Hailed as one of the world's supreme masterpieces on the subject of death and dying, The Death of Ivan Ilyich is the story of a worldly careerist, a high court judge who has never given the inevitability of his death so much as a passing thought. But one day death announces itself to him, and to his shocked surprise he is brought face to face with his own mortality. How, Tolstoy asks, does an unreflective man confront his one and only moment of truth?
This short novel was the artistic culmination of a profound spiritual crisis in Tolstoy's life, a nine-year period following the publication of Anna Karenina during which he wrote not a word of fiction. A thoroughly absorbing and, at times, terrifying glimpse into the abyss of death, it is also a strong testament to the possibility of finding spiritual salvation.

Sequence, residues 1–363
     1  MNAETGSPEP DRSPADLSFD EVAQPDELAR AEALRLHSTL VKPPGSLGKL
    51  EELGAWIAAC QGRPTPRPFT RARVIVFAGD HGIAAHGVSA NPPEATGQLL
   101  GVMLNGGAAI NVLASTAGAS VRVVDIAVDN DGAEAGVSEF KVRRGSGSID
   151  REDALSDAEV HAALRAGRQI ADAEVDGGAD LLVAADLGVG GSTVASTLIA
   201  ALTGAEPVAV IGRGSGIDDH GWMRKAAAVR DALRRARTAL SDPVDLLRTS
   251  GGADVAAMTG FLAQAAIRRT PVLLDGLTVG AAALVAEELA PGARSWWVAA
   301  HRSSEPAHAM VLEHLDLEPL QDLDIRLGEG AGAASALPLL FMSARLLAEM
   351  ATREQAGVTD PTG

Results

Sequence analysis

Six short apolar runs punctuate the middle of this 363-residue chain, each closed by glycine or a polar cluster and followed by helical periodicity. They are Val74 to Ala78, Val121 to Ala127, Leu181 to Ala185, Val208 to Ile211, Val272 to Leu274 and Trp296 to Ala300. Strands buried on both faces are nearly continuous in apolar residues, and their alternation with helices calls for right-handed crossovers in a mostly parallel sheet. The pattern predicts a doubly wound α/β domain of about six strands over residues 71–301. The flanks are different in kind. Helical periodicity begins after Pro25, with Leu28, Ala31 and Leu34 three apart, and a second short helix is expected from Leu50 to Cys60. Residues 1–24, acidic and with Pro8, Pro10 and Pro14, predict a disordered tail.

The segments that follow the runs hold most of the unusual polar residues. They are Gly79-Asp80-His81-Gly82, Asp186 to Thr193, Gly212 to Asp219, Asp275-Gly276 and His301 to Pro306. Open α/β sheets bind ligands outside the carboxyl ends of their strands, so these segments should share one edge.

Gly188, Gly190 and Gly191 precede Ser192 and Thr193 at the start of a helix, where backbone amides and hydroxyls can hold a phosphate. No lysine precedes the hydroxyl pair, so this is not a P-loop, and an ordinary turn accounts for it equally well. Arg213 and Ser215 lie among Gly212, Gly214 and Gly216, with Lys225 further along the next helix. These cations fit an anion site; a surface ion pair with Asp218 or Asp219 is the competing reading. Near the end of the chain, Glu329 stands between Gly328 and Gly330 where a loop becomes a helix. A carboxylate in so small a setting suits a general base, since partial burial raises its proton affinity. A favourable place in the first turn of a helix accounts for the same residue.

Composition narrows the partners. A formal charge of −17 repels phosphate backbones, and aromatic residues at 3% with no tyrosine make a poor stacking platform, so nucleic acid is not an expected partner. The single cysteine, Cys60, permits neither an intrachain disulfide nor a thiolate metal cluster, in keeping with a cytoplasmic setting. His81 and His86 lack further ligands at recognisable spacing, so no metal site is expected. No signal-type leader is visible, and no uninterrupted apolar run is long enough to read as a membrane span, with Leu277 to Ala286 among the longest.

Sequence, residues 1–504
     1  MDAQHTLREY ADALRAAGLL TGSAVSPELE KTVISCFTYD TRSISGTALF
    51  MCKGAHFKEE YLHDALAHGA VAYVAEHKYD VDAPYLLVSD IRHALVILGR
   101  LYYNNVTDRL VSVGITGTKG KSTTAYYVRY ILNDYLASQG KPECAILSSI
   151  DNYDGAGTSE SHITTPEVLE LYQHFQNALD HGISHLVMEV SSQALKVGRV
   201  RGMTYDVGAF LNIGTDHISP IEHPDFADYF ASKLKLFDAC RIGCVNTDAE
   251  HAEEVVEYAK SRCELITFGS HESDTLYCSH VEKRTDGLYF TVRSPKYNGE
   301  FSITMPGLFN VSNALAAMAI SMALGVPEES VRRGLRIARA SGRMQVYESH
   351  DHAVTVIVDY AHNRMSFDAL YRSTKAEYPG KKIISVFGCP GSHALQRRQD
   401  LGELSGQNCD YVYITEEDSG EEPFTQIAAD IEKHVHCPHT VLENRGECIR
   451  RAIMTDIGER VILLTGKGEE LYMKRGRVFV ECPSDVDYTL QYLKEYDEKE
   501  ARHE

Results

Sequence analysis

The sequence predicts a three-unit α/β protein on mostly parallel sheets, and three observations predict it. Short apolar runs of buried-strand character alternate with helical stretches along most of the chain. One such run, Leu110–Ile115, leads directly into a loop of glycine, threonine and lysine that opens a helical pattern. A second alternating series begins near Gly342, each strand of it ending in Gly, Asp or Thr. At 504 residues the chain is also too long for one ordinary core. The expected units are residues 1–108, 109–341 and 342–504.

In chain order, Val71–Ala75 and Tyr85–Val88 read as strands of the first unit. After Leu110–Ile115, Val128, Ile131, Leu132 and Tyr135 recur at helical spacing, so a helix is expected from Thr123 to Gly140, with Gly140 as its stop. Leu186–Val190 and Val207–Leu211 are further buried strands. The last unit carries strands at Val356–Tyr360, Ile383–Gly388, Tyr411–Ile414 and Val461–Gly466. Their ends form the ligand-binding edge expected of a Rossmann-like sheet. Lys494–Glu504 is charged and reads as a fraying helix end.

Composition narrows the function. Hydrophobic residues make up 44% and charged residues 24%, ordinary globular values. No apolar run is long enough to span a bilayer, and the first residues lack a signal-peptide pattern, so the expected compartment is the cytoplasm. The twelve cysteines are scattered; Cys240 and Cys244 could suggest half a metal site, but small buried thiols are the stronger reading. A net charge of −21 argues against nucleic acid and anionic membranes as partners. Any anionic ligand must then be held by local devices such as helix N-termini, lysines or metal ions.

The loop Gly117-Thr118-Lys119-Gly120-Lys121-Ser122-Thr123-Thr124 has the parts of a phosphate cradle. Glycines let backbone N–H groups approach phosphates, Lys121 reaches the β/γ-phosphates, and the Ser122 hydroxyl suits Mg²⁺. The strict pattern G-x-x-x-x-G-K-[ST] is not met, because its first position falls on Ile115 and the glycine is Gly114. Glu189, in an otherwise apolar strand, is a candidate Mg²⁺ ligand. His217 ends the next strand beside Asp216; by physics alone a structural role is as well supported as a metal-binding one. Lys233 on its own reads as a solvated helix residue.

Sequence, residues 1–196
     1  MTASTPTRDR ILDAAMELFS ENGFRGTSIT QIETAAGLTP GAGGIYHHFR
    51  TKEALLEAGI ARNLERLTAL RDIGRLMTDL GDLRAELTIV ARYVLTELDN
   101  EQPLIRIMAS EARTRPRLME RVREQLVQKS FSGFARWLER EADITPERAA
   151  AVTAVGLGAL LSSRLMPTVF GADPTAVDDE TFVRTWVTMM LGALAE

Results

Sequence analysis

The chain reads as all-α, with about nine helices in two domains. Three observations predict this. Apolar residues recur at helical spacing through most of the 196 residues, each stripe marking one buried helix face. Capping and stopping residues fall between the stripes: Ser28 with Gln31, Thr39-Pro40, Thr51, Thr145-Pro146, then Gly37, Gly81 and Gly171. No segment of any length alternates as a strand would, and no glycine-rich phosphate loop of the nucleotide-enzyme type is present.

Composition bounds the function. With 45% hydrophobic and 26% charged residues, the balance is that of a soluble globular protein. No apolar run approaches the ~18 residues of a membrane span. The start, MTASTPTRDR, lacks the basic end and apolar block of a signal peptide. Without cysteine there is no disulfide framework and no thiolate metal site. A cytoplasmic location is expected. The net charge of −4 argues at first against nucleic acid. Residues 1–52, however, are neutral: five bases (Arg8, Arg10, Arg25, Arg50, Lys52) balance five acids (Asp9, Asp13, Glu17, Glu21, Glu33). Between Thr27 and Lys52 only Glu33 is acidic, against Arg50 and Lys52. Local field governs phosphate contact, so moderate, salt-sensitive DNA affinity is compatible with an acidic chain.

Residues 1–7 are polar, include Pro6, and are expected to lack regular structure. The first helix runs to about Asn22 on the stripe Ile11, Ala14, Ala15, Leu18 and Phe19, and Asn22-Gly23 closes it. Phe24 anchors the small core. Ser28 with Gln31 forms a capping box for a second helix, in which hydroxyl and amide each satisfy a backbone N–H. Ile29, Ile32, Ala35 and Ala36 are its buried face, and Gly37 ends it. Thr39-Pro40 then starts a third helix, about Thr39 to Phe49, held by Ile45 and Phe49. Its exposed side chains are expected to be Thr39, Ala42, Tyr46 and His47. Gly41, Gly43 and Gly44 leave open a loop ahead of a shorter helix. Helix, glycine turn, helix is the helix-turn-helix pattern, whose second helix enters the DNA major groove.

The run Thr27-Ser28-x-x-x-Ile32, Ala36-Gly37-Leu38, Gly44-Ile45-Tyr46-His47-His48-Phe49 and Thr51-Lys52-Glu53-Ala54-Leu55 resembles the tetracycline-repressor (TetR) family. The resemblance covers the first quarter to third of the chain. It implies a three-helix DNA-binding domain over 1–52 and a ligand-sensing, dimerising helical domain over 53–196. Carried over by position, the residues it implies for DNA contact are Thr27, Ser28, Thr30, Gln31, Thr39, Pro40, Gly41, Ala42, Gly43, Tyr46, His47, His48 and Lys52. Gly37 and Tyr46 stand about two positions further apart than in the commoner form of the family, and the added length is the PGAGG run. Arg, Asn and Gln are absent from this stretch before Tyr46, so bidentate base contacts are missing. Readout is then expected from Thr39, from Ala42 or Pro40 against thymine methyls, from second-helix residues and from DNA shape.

About the Author
Nikolai Tolstoy is a highly recognized and acclaimed historian and biographer. He was the sole beneficiary of his stepfather's will and is one of the trustees of O'Brian's estate.
Ronald Blythe is one of the UK's foremost literary figures. His work, which has won countless awards, includes Akenfield (a Penguin 20th Century Classic - it was also made into a feature film), Private Words, Field Work, Outsiders: a Book of Garden Friends and numerous other titles. He is a recipient of the prestigious Benson Medal awarded by the Royal Society of Literature. He lives near Colchester.
“The English-speaking world is indebted to these two translators.” —Orlando Figes, The New York Review of Books
“Excellent. . . . The duo has managed to convey the rather simple elegance of Tolstoy’s prose.” —The New Criterion
“Pevear and Volokhonsky’s new version is . . . flexible individuated, immediate.” —The Nation
“Well translated. As a lover of Tolstoy’s work, one couldn’t ask for more, and I can’t recommend it highly enough.” —André Alexis, The Globe and Mail (Toronto)